Unesco's World Heritage Committee is meeting in mid-July, and two of its agenda items are proposals to place existing world heritage sights in Italy and Australia on its 'endangered species' list.
The proposal, to be discussed at a meeting in China, would place Australia's Great Barrier Reef and the Italian city of Venice on its list of World Heritage in Danger, a status that could lead to losing heritage status altogether if issues are not corrected.
In Venice's case, the major issue is the continued use of the city's fragile canals and the lagoon itself by huge cruise ships that have been attacked not only as a source of visual pollution, towering over the city's buildings, but also because their wakes and wastes endanger the foundations of the city's buildings, which rest on a dense network of piles going back centuries. Local agitation has kept the issue in the news and the Italian government has promised to keep the big ships away...but not just yet.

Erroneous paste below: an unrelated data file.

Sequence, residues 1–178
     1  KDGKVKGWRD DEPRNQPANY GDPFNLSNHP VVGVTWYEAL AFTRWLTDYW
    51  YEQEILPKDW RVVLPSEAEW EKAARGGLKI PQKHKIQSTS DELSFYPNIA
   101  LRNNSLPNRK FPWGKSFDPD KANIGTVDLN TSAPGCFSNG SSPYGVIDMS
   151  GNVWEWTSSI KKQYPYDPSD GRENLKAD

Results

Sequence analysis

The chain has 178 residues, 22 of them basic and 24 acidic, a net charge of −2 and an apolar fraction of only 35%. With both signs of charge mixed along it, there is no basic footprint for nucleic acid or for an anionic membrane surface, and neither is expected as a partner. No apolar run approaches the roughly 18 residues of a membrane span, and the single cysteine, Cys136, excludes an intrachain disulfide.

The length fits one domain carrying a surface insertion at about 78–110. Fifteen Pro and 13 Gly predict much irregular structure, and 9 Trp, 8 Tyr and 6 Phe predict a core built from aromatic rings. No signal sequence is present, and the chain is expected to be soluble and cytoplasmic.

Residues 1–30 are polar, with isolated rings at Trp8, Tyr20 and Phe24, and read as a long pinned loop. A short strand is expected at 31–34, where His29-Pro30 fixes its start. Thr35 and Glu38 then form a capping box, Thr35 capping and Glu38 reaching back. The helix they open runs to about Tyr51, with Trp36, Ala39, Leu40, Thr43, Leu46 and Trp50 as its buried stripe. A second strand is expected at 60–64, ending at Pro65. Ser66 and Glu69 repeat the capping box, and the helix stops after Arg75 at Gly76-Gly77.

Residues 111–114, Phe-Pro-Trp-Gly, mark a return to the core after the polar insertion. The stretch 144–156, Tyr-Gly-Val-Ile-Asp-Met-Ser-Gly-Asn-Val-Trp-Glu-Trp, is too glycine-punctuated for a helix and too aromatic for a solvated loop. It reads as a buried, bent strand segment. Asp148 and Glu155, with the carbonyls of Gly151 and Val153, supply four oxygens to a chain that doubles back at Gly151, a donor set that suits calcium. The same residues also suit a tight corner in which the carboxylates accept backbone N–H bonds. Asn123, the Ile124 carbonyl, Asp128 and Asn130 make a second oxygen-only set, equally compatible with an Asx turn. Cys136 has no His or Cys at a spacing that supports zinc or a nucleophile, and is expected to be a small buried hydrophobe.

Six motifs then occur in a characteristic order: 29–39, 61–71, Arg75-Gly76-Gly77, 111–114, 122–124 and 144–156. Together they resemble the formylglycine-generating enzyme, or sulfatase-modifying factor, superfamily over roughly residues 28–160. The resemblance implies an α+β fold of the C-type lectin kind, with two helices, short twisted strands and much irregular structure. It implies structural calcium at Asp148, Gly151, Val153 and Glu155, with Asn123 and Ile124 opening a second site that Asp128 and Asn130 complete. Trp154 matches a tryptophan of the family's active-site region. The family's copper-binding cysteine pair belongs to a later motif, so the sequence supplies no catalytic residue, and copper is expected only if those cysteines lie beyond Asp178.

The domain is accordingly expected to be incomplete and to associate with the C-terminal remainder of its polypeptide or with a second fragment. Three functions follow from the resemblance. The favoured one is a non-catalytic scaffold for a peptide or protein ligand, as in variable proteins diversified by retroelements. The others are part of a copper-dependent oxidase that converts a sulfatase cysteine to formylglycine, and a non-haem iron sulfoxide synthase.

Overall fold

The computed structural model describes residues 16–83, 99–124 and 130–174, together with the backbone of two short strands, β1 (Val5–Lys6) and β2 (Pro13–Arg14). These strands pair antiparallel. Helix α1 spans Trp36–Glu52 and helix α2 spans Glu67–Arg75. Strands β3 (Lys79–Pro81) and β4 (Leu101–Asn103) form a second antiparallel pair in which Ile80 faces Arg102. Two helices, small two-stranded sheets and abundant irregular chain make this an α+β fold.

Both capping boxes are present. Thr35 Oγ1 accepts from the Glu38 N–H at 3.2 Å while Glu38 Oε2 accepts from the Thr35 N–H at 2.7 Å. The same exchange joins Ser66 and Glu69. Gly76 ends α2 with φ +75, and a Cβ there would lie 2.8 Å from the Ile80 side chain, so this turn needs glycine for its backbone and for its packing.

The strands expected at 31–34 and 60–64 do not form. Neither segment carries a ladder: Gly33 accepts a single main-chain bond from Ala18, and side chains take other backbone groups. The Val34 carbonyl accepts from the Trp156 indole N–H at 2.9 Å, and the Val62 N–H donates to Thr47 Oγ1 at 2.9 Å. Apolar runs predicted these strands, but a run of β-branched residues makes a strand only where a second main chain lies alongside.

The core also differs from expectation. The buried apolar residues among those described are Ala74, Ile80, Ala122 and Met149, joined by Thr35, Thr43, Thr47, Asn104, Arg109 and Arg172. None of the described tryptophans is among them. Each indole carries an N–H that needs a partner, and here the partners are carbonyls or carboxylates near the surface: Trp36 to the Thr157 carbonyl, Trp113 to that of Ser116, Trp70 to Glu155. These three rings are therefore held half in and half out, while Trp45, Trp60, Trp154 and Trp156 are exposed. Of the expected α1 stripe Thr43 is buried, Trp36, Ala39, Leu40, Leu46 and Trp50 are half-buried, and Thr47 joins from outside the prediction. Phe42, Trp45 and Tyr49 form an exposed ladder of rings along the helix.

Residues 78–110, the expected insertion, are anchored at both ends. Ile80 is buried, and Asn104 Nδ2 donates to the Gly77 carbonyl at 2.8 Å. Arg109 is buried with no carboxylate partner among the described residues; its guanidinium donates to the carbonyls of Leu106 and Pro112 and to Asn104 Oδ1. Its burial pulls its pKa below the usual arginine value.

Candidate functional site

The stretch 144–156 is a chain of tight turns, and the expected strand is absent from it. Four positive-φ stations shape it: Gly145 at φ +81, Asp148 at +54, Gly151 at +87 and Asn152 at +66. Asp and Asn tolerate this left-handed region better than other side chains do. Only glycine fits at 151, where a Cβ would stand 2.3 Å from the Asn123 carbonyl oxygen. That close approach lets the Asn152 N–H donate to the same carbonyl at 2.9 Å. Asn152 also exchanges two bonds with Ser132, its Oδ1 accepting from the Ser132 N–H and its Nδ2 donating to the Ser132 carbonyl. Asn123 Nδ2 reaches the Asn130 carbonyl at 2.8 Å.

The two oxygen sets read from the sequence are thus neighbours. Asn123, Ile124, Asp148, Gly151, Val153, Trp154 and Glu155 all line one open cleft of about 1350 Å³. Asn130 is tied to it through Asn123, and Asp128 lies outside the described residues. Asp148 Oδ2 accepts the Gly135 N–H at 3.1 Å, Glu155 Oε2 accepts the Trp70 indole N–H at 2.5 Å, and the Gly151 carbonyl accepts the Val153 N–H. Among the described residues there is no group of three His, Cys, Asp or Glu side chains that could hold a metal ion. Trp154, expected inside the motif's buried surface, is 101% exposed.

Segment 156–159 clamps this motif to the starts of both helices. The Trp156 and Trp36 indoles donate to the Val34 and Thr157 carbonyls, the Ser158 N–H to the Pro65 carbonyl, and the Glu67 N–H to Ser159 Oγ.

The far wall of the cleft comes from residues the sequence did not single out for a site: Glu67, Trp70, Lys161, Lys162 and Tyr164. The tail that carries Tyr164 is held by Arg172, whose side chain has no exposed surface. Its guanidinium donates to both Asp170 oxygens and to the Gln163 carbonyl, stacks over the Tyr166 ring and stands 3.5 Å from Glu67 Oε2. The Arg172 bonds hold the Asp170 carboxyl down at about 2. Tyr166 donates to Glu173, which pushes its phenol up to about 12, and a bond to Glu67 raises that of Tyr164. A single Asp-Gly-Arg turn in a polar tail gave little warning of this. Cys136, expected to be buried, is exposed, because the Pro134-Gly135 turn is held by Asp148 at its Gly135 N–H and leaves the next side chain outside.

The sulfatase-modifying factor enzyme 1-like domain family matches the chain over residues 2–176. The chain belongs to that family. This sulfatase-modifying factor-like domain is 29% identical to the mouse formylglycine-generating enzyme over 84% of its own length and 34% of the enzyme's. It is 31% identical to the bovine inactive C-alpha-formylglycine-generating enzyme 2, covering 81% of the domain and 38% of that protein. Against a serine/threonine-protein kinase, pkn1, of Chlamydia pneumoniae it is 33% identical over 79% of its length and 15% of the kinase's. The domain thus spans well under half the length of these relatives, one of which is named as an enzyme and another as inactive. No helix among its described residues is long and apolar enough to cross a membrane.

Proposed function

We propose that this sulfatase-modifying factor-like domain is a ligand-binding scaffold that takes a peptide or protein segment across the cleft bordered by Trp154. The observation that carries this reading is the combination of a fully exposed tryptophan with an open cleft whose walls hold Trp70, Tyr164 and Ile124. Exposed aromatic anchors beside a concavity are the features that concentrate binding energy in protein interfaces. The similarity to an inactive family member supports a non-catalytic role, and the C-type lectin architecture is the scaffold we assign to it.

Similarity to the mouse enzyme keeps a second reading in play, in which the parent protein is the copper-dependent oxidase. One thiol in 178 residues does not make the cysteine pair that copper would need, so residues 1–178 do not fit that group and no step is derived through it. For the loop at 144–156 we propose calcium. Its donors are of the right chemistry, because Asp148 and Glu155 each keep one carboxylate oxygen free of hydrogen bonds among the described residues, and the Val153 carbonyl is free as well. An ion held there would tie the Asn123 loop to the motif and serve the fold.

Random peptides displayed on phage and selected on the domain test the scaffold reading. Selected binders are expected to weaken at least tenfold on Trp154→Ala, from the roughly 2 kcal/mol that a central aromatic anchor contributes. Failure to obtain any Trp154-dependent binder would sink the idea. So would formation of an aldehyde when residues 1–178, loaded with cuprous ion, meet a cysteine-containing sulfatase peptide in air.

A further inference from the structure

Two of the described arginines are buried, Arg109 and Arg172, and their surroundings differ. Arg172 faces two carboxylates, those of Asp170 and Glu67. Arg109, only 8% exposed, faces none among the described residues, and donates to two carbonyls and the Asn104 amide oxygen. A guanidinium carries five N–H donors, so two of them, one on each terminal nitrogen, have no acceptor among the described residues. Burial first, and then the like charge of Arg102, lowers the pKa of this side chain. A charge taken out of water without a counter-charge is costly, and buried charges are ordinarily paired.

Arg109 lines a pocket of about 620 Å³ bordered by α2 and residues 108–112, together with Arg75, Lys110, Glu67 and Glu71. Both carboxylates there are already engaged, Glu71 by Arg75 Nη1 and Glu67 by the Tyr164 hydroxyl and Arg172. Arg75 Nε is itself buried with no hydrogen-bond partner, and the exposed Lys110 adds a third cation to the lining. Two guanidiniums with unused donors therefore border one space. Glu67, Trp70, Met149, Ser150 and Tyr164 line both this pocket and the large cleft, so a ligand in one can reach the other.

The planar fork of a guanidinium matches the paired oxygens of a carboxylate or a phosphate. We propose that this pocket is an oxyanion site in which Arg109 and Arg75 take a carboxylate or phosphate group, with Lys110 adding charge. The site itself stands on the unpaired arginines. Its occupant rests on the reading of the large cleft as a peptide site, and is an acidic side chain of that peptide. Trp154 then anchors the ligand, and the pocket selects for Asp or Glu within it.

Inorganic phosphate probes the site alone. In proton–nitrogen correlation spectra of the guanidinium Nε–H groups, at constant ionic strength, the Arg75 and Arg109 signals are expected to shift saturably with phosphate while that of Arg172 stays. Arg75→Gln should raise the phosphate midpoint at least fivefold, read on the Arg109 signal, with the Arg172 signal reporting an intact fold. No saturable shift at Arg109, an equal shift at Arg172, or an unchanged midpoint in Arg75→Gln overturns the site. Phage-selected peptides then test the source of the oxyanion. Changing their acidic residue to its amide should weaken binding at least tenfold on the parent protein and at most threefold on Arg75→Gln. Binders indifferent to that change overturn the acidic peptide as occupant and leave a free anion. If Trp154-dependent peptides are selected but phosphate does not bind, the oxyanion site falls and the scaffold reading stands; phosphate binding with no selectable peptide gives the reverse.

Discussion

Australia, meanwhile, is protesting the decision to discuss the status of the chain of coral islands and reefs that are among the country's hottest attractions and generators of tourism revenue. The Unesco committee is concerned that even with more limited access for visitors, climate change is accelerating a process in which the reef is dying as an ecosystem. While acknowledging that the delicate structure is in danger, the government does not think the problem warrants de-listing, but the discussion by the committee is welcomed by the Australian Marine Conservation Society.